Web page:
December 21, 2021
On December 17, 2021, the United States Court of Appeals for the 6th Circuit (6th Circuit) dissolved the stay of OSHA’s November 5, 2021 Emergency Temporary Standard (ETS) for private employers with 100 or more employees issued by the United States Court of Appeals for the 5th Circuit (5th Circuit). As a result of the 6th Circuit’s decision, OSHA announced that it intends to move forward with implementing the ETS. OSHA indicated it will not issue citations for noncompliance with its November 5, 2021 ETS before January 10 (which is now the deadline for employers to, among other things, develop their written COVID-19 vaccination policies). Further, if an employer is exercising reasonable, good faith efforts to come into compliance with ensuring its employees are fully vaccinated or submit to weekly testing, OSHA will not issue citations for any employees who are not fully vaccinated before (or if the employer is not testing prior to) February 9, 2022.
Note, the 6th Circuit’s order only impacts private employers with 100 or more employees, it does not address the ETS for Health Care Workers or the COVID-19 Workplace Safety Guidance for Federal Contractors and Subcontractors, both of which have been separately enjoined in other lawsuits. Currently, the mandate for health care workers has been enjoined in twenty-four states and the federal contractor mandate has been enjoined nationwide.
As a reminder, the ETS originally required employers with 100 or more employees to develop and implement a mandatory, written COVID-19 vaccination policy by December 5, 2021, or a written policy requiring employees to either be vaccinated or produce a negative COVID-19 test result and wear a face covering at work. Employers were originally required to begin enforcing the policy on January 4, 2022, meaning most employees of covered employers would have to submit to regular testing and wear a face covering or be fully vaccinated by January 4, 2022.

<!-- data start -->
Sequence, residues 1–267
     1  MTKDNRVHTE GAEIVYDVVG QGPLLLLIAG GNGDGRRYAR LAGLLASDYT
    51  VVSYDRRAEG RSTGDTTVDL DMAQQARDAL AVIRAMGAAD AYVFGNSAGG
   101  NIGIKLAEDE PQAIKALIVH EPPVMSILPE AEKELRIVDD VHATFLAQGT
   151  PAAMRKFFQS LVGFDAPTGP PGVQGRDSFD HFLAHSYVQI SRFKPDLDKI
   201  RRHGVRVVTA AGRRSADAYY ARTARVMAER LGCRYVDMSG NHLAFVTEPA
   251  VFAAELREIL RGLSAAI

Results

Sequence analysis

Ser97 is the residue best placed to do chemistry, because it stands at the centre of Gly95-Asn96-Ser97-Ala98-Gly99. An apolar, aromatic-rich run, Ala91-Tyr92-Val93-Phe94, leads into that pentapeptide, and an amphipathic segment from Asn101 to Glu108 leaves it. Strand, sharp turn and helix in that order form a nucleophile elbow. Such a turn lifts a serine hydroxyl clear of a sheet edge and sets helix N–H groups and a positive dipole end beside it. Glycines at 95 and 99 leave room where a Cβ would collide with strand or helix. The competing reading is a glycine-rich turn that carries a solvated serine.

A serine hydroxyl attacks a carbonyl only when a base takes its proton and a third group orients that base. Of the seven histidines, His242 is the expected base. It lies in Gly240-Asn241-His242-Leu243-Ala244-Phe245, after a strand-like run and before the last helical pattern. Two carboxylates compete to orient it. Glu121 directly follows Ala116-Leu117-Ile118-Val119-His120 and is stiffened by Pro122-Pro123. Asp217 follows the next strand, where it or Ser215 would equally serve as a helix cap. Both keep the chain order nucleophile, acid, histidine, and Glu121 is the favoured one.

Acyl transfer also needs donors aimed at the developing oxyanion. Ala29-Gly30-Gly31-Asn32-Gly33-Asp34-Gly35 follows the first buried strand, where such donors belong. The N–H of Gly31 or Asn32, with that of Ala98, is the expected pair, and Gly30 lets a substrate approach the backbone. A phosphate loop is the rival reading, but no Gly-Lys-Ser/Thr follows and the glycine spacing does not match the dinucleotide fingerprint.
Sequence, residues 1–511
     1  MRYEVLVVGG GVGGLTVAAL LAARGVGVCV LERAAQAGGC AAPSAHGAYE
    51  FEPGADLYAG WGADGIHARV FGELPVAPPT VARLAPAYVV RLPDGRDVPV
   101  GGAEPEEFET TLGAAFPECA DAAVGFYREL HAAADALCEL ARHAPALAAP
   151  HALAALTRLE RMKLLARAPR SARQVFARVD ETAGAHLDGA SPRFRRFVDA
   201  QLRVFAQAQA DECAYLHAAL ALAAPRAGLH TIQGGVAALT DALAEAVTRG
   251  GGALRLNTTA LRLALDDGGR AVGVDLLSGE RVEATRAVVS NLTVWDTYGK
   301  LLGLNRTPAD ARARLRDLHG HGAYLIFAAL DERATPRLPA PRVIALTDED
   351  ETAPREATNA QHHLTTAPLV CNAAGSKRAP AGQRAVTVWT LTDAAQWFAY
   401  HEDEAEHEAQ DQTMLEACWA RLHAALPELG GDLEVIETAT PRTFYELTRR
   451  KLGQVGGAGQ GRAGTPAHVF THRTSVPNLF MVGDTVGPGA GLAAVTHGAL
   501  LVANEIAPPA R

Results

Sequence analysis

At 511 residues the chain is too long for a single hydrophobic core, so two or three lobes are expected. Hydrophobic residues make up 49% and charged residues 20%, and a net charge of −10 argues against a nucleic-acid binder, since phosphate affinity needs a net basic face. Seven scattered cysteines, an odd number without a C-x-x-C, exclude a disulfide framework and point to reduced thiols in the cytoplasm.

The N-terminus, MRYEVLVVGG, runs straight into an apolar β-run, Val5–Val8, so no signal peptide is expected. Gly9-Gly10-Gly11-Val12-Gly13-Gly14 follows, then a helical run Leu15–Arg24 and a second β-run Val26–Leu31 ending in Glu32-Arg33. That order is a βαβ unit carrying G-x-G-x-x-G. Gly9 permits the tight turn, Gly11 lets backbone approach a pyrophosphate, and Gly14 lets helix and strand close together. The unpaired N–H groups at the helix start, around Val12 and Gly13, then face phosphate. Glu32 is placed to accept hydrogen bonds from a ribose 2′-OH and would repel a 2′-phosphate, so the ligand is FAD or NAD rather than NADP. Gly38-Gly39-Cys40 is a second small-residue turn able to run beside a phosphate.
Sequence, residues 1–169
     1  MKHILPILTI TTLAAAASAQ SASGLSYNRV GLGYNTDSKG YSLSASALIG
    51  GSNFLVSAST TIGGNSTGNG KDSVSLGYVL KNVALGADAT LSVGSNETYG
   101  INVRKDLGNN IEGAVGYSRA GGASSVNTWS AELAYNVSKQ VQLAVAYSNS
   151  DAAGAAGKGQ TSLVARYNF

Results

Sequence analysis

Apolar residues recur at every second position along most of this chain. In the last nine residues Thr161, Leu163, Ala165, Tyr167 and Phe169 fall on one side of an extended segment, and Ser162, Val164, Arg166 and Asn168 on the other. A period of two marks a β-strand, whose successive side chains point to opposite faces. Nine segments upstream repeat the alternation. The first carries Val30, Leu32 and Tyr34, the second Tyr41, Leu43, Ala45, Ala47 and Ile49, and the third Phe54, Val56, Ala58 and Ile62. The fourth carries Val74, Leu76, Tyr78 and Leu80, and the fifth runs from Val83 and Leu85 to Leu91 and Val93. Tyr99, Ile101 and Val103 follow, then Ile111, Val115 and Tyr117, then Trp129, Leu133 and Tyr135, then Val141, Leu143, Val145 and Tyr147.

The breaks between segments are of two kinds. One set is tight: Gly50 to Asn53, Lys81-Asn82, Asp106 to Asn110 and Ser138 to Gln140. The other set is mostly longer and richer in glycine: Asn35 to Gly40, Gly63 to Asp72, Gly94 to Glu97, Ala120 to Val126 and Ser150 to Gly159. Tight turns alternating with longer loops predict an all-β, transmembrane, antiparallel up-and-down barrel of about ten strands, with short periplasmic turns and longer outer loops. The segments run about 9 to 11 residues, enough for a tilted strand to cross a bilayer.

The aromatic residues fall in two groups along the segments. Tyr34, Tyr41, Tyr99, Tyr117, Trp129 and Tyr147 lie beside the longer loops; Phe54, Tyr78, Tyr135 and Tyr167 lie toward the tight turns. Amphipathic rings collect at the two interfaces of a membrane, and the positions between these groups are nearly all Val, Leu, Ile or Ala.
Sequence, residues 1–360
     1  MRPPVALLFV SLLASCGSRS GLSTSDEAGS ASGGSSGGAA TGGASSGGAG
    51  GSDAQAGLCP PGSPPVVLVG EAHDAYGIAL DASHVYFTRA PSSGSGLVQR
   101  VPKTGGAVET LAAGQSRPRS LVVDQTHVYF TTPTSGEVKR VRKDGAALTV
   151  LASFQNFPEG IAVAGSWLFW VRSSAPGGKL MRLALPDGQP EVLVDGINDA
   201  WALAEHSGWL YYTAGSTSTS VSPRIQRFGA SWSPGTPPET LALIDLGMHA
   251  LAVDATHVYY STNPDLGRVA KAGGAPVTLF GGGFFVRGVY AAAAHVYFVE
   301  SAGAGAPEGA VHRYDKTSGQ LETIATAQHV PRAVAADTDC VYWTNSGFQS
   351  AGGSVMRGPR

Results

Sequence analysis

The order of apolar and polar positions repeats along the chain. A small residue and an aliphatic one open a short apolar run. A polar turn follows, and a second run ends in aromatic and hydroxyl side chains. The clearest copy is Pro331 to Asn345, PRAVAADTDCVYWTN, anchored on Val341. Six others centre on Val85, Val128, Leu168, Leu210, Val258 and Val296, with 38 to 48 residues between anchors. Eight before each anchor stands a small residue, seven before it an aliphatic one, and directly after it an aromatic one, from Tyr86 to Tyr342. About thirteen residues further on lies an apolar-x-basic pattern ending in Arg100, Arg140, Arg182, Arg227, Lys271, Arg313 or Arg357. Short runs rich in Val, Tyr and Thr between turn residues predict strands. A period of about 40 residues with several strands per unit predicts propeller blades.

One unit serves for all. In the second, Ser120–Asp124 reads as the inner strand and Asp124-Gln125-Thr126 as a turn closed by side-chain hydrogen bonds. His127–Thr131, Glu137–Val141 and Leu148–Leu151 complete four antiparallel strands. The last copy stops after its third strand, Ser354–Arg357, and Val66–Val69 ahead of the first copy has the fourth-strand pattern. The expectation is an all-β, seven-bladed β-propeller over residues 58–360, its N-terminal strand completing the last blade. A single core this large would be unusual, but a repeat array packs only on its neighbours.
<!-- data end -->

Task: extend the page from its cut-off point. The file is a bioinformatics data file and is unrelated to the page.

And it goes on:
The ETS permits covered employers to allow for reasonable accommodation for employees who cannot be vaccinated and/or wear a face covering due to a disability, as defined by the ADA, or if vaccination, and/or testing for COVID-19, and/or wearing a face covering conflicts with an employee’s sincerely held religious belief, practice, or observance.
Further, the ETS requires employers to provide employees with time off for obtaining their vaccinations. Specifically, the ETS requires employers to provide employees with a reasonable amount of paid time (up to 4 hours at their regular rate of pay per dose, as applicable) to travel to and receive their COVID-19 vaccine dose(s). Further, employers are required to provide reasonable time and paid sick leave to employees who need the time to recover from the side effects of the either dose, as applicable, of the vaccine.
Litigation Background and 6th Circuit’s Decision
The OSHA ETS was immediately challenged by a number of petitioners, including states and private companies, seeking to permanently enjoin enforcement of the ETS. On November 6, 2021, the 5th Circuit temporarily stayed enforcement of the ETS pending briefing by the parties and expedited judicial review.
After completing its expedited review, on November 12, 2021, the 5th Circuit affirmed its initial stay, holding that petitioners met all four factors to establish the need for further stay, and ordered OSHA to take no further steps to implement or enforce the ETS pending adequate judicial review of the request for permanent injunction.
Given the number of legal challenges in multiple federal jurisdictions, a “multi-circuit lottery” occurred on November 16, wherein the 6th Circuit Court of Appeal was assigned to hear the consolidated cases. Just over a month later (after briefing by the parties), on December 17, 2021, the 6th Circuit issued an order dissolving the 5th Circuit’s stay, finding, among other things, that OSHA’s statutory mission to ensure safe and healthy working conditions for workers gives the agency broad authority to promulgate standards to meet this mission, including the authority to address viruses and infectious diseases in the workplace.
What Does This Mean for Employers?
While the case is expected to be appealed to the United States Supreme Court (“Supreme Court”), there is no guarantee the Supreme Court will grant certiorari to review the decision or, if the Supreme Court does grant certiorari, that it will overturn the 6th Circuit’s decision. Moreover, OSHA intends to move forward with implementing the ETS unless or until the Supreme Court decides otherwise.
Accordingly, if they have not already done so, covered employers are encouraged to begin developing their written policies, notifying their employees whether they will be expected to be fully vaccinated by February 9, 2022 (if the employer is not implementing a testing option), or communicating how their testing option will work beginning on February 9, 2022, for those who are allowing a testing option.
|About the Authors. This alert was prepared for The Fedeli Group by Marathas Barrow Weatherhead Lent LLP, a national law firm with recognized experts on ERISA-governed and non-ERISA-governed retirement and welfare plans, executive compensation, and employment law. Contact Stacy Barrow or Nicole Quinn-Gato at email@example.com or firstname.lastname@example.org.|
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